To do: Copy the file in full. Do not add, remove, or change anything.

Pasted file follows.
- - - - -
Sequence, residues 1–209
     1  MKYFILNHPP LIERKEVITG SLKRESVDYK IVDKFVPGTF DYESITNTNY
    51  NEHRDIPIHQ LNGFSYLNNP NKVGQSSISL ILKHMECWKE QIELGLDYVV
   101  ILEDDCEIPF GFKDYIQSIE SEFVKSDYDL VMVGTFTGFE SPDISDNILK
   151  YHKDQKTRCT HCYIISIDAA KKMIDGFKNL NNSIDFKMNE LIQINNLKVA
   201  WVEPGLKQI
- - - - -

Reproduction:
Sequence, residues 1–209
     1  MKYFILNHPP LIERKEVITG SLKRESVDYK IVDKFVPGTF DYESITNTNY
    51  NEHRDIPIHQ LNGFSYLNNP NKVGQSSISL ILKHMECWKE QIELGLDYVV
   101  ILEDDCEIPF GFKDYIQSIE SEFVKSDYDL VMVGTFTGFE SPDISDNILK
   151  YHKDQKTRCT HCYIISIDAA KKMIDGFKNL NNSIDFKMNE LIQINNLKVA
   201  WVEPGLKQI